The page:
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It is entirely possible that this time next week the New Zealand Warriors will be the holders of the three premierships decided on grand final day.
This is a remarkable success story. And it is made even more so because the Warriors have had numerous ownership issues, and financial challenges, in recent years.
The Warriors do look to be good things in the NSW Cup grand final and in the Toyota Cup grand final. On the basis of their form on Saturday night, they will give the Manly Sea Eagles a real run for their money in the NRL premiership.
What this really confirms is that New Zealand is becoming a powerhouse in rugby league, thanks largely to the growing influence of Maori, Samoan and Tongan players.
We have seen its impact in the test match arena, where the Kangaroos dominance has been significantly eroded.
Now it is flowing through to the NRL premiership, and two of the key feeder/breeding grounds for the premiership.
And in the other key breeding ground - the Queensland Cup - the influence of Maori and Island players is on the rise.
The Warriors success will add to calls for a second New Zealand team - Wellington - in the NRL. But when you look at the financial state of most NRL clubs today there won't be any expansion before 2015, if then!
Browsing the NZ newspapers online today has been a pleasant surprise - the coverage of the Warriors win is not bad given that New Zealand is currently hosting the Rugby World Cup.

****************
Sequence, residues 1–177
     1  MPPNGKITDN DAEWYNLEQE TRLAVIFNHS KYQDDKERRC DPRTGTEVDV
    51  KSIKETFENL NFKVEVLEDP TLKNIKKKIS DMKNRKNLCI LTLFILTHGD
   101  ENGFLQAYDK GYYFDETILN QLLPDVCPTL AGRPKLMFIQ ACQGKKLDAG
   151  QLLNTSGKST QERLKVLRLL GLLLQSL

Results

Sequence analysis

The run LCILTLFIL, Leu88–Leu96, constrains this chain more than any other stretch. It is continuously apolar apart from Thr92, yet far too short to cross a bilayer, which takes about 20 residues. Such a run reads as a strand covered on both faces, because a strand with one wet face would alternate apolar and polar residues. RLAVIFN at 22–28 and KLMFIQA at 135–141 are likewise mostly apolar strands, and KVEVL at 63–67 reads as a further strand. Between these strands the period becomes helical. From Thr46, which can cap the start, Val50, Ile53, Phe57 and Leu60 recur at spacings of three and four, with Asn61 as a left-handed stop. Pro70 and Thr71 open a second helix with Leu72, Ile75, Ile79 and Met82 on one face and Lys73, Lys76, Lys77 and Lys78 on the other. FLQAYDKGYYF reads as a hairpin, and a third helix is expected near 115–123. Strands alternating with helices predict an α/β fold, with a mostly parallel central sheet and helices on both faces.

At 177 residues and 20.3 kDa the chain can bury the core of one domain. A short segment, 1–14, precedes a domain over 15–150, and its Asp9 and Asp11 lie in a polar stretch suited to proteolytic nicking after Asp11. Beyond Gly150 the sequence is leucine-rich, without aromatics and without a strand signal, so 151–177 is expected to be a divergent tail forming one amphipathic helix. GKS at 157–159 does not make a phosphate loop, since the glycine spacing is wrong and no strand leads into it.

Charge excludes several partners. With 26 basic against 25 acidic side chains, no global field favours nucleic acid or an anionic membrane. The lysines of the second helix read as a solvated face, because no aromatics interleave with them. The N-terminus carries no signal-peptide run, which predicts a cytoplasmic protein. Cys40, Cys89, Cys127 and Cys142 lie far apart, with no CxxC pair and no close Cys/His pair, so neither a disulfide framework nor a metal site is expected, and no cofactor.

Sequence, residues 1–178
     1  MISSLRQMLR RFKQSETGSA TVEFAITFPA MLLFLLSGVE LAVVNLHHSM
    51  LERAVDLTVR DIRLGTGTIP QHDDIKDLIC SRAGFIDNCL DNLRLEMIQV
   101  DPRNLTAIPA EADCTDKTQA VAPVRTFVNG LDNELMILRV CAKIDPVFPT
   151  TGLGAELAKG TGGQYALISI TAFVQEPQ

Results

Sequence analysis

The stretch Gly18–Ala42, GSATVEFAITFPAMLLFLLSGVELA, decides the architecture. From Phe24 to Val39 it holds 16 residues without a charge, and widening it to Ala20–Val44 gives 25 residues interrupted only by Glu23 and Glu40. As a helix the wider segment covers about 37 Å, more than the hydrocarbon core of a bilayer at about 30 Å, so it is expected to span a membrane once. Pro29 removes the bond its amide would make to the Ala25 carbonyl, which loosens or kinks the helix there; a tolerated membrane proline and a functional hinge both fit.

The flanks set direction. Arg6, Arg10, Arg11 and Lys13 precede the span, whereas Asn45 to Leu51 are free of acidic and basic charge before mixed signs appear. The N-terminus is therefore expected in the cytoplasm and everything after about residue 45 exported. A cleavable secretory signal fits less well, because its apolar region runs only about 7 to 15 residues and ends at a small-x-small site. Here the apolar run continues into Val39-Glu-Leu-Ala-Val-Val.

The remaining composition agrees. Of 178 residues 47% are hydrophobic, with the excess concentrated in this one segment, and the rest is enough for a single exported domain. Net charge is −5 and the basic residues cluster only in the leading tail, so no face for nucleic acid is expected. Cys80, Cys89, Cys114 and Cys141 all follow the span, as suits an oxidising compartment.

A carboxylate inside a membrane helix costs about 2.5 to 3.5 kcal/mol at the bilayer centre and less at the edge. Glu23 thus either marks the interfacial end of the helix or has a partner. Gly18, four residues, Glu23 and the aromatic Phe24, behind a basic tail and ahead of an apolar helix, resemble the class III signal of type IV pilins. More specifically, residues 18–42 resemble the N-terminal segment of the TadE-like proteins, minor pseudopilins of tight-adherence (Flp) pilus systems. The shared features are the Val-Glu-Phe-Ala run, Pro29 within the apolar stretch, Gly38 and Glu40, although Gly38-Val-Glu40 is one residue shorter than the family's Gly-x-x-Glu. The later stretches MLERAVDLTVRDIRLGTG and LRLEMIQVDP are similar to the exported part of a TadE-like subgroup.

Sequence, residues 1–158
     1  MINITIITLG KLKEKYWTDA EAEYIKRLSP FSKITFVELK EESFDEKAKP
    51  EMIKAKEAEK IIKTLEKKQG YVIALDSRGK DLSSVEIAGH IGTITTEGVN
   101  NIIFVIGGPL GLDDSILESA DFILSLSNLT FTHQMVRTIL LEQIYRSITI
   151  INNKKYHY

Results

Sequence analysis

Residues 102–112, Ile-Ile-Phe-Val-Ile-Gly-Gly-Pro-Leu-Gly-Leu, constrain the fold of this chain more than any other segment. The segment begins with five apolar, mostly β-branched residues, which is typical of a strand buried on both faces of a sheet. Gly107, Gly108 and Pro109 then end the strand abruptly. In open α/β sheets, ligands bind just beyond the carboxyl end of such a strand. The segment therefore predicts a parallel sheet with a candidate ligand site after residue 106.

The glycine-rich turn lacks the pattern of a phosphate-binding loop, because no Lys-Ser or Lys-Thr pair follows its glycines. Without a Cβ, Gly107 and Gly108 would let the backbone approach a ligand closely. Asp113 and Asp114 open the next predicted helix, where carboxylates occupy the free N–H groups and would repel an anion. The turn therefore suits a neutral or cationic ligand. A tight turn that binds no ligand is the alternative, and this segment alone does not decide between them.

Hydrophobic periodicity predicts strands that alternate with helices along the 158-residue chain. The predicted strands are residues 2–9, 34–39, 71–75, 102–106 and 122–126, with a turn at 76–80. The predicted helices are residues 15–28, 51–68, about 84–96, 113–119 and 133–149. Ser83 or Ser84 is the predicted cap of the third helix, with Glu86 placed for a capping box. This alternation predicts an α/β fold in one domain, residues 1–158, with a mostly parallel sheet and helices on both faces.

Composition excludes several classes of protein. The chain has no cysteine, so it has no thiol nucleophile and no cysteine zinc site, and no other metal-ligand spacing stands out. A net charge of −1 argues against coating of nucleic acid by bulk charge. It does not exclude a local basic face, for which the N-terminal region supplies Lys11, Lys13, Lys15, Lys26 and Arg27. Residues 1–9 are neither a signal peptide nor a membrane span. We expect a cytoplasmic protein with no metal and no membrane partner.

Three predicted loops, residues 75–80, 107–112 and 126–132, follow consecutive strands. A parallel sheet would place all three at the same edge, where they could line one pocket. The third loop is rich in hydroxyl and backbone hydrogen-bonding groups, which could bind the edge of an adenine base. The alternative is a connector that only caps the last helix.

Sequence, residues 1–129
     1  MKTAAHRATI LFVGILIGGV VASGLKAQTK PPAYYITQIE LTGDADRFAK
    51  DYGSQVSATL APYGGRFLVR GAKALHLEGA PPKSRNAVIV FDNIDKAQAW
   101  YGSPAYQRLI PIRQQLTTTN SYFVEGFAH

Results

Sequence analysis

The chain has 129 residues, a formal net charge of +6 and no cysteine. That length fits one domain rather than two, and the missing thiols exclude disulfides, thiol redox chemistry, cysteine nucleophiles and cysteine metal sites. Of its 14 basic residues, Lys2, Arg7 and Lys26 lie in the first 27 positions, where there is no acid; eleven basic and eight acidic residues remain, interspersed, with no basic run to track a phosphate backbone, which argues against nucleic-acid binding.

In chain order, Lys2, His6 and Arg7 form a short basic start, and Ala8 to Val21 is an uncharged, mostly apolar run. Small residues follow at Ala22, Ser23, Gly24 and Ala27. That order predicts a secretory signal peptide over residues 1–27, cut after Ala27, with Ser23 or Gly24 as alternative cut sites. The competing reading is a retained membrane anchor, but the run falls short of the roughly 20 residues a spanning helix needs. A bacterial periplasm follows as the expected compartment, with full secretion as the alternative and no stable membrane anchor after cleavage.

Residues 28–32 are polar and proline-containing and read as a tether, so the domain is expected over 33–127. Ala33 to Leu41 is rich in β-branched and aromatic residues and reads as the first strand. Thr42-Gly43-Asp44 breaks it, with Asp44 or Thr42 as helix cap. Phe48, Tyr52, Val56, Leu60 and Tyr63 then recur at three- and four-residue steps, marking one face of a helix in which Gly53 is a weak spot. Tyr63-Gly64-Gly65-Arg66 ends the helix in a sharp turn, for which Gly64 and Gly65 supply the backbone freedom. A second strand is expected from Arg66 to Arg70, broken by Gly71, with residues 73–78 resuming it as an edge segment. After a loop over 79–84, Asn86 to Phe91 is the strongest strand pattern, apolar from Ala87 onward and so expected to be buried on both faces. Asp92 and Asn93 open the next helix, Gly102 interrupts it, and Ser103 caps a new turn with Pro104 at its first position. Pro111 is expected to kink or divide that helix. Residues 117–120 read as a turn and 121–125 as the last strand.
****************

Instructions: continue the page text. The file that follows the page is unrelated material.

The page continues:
And there is a nice touch to the story - Prime Minister John Key has personally intervened to make sure Michael Luck's two week old son cane be with his parents at the grand final - waiving the normal delays in securing a passport/travel document.
The Warriors play the kind of football that should bring the crowds back to the game.
There defence is sterling - the frustrated Storm players would testify to that - and their attack is an attractive as that of any team in the game.
They can be inconsistent - such as their bad loss to the Broncos in the opening round of the finals. But thereafter they have accounted for two of the highly rated finalists - the Tigers and the Storm.
The match is unlikely, however, to set any television ratings records - but that is the price you pay when you have a New Zealand team a premiership contender.
But any downside is outweighed by the remarkable on the field success story of the Warriors three grand finalists - it will do the game no harm at all in New Zealand, and at test match level.